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Facility Named for UCR Entomologist


Coachella Valley Pest Control District Honors UCR Entomologist

Distinguished Professor of Entomology Mir S. Mulla is honored with a biological control facility in his name at the Coachella Valley Mosquito and Vector Control District Headquarters in Indio

(April 6, 2006)

The Mulla Family from left, son David, daughter Janet, wife Lelia, and Mir S. Mulla in front of the building bearing his name.

The Mulla Family from left, son David, daughter Janet, wife Lelia, and Mir S. Mulla in front of the building bearing his name.

RIVERSIDE, Calif. — www.ucr.edu — With half a century helping to solve some of the Coachella Valley’s most intractable insect problems, you might say UCR’s Distinguished Professor of Entomology Mir S. Mulla has worked out a lot of the bugs that used to come with living in the desert.

So much so that the Coachella Valley Mosquito and Vector Control District named its 5,590-square-foot biological control research facility at its Indio headquarters after him during a dedication ceremony Thursday, April 6. Before a crowd of governmental and educational dignitaries, and at least 70 students from the Eagle’s Peak Charter School in Indio who were touring the district headquarters, district General Manager Donald Gomsi gave the crowd a little background before introducing Mulla.

“The district was founded in 1928 to control the eye gnat problem that impacted life in the Coachella Valley and spread conjunctivitis (pink eye) to such an extent that schools had to be closed from time to time to control its spread,” Gomsi said. “In the 1950s the spread of St. Louis Encephalitis by mosquitoes added to the growing number of vector problems the district had to contend with.”

So common was the gnat problem in the 1920s and ‘30s, that Coachella Valley residents’ constant waiving in front of the eyes was known as the “Coachella Hello,” added district Board of Trustees Vice President John Fuschetti of Rancho Mirage.

It was Mulla’s championing of the use of natural enemies to control pests, an approach known as biological control, which eventually helped bring the eye gnat, biting midge and mosquito problems under control in the Coachella Valley. This development is known as a key factor in allowing the tourist and resort industries to flourish in the valley.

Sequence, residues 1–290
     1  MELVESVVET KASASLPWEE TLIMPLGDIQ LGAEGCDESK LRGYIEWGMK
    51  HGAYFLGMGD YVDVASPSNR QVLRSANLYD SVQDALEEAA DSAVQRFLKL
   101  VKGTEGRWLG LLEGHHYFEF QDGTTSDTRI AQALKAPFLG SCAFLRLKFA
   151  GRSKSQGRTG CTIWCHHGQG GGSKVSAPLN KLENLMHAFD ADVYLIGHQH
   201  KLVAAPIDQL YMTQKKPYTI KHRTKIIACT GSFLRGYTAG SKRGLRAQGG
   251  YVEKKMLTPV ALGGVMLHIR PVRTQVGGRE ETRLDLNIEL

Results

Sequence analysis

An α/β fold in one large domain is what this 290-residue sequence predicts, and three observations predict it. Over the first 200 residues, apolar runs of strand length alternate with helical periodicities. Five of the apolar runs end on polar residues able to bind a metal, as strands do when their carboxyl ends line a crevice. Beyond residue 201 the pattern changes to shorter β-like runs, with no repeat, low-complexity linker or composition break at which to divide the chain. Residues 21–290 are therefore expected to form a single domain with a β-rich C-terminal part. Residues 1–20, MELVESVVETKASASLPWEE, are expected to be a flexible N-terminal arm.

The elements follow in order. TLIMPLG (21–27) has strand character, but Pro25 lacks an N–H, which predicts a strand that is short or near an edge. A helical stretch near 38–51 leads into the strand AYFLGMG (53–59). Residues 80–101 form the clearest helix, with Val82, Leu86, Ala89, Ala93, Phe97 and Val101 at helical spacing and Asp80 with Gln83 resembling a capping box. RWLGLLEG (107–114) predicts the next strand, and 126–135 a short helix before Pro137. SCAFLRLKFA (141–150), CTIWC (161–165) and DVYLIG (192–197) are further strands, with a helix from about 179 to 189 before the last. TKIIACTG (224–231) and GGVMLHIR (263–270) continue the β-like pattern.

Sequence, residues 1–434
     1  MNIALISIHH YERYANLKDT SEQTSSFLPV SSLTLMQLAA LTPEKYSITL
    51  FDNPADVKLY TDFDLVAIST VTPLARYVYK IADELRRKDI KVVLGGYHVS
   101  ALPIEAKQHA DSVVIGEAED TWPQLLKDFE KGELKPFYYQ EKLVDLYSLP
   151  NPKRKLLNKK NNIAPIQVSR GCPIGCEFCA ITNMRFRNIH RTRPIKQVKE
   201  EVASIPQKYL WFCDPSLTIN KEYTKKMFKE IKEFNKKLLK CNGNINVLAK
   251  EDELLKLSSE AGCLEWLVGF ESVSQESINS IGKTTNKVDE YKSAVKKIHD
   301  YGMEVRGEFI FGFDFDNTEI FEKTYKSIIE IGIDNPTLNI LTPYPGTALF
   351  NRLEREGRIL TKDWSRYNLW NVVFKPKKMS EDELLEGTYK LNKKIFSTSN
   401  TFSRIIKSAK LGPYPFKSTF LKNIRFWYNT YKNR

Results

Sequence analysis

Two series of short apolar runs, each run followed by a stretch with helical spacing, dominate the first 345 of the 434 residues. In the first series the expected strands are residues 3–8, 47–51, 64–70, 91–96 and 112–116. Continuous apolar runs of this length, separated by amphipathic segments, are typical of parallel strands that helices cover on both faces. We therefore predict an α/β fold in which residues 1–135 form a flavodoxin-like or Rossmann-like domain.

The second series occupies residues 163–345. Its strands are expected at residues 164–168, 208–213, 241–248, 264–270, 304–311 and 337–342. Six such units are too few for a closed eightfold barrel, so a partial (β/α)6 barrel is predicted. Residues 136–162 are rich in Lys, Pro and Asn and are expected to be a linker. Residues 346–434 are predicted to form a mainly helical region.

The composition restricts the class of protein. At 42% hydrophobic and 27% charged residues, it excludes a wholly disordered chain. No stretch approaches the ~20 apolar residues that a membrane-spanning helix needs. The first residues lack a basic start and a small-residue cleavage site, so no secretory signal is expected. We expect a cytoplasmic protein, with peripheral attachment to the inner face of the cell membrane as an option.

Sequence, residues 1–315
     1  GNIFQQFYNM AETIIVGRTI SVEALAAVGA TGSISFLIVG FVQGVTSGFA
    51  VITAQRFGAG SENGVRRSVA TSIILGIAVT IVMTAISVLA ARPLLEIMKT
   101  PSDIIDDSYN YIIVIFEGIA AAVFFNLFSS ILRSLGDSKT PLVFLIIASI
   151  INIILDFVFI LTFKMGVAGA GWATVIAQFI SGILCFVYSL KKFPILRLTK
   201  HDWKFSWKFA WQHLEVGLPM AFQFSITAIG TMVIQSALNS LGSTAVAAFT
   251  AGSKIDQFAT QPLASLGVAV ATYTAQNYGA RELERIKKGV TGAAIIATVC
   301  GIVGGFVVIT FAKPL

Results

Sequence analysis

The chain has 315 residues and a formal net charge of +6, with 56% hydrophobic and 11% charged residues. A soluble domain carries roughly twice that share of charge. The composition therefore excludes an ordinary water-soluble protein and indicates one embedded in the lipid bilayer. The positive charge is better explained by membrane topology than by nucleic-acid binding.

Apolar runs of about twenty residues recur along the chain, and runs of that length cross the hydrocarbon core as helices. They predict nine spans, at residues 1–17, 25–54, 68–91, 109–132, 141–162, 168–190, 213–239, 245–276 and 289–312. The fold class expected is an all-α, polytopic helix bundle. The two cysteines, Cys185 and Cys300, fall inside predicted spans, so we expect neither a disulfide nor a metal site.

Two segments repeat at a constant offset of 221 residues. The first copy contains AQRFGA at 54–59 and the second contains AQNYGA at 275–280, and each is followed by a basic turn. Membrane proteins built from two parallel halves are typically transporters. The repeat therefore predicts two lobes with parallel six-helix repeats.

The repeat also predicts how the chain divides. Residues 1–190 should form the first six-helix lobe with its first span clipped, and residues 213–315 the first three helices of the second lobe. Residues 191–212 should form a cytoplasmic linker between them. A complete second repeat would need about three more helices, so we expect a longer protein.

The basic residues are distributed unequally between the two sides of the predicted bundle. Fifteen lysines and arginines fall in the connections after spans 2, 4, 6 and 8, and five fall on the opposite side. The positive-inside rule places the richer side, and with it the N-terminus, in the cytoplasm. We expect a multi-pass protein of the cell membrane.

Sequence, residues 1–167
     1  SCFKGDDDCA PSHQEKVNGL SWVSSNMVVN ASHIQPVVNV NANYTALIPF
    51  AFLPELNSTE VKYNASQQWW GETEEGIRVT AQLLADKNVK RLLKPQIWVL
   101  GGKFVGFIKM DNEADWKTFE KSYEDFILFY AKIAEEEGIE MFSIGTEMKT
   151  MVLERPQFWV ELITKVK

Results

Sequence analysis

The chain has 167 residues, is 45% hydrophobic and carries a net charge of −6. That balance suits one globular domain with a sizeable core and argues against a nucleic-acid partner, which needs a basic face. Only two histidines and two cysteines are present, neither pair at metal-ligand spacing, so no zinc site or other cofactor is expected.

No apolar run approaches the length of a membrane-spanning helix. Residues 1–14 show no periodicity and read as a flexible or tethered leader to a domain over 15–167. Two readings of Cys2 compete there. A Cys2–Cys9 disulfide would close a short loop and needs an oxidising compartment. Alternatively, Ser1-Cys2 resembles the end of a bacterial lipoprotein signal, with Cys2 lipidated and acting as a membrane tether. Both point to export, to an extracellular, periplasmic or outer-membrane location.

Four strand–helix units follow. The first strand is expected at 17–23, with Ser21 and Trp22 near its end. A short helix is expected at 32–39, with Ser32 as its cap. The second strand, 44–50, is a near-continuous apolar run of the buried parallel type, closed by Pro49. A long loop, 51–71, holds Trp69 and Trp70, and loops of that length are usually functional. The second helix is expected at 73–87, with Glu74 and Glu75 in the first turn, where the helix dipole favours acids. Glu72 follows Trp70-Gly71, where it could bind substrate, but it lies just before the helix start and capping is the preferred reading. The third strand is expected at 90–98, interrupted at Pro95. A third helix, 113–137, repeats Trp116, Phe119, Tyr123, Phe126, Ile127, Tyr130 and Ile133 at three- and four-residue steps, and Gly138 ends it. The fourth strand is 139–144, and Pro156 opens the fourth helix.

Fuschetti said that biological control became an increasingly important approach to pest control because of three key developments First, mosquitoes have slowly become resistant to pesticides and built-up immunities to the poisons. Secondly, chemical companies are introducing fewer pesticides due to increased regulation, and research and development costs. Finally, the growing public awareness and concern over the uses of pesticides and their accumulations in the environment are making biological control a more desirable approach.

Mulla’s research brought to the valley, the rearing and distribution of mosquitofish, which eat mosquito larvae. His research has also advanced the use of tadpole shrimp, another mosquito predator that can live in high water temperatures, survives the drying up of its habitat and grows at a rapid rate when standing water returns. The new facility’s rearing operation will be able to produce 300,000 mosquitofish a year, according to district biologists.

Mulla credited his supporters with allowing him to move forward with his work. Most importantly, he thanked his wife of 52 years, Lelia Louise Mulla, who supported his efforts. Two of the couple’s four children attended the dedication.

“I want to thank the district and the board for their constant support and encouragement in the 50 years I’ve been working in the Coachella Valley,” Mulla said.

He added that with the continued urbanization of the valley, pest control was going to get more complicated, and new tools and methodologies would be needed to address these issues.

“There are 80 to 100 pestiferous species to deal with in the Coachella Valley,” he said. “There’s no other district in California facing such an insect problem and requiring the cooperation of districts such as this one and the researchers at places like UCR and others to find solutions that are effective and economical.

“Most of the tools used by the district today have been developed or tested in our laboratories at UCR,” he concluded. “These tools have contributed to the 90 to 95 percent reduction in the Coachella Valley’s eye gnat problem, considered unsolvable in the 1950s and 1960s.”

The University of California, Riverside (www.ucr.edu) is a doctoral research university, a living laboratory for groundbreaking exploration of issues critical to Inland Southern California, the state and communities around the world. Reflecting California's diverse culture, UCR's enrollment has exceeded 21,000 students. The campus opened a medical school in 2013 and has reached the heart of the Coachella Valley by way of the UCR Palm Desert Center. The campus has an annual statewide economic impact of more than $1 billion.

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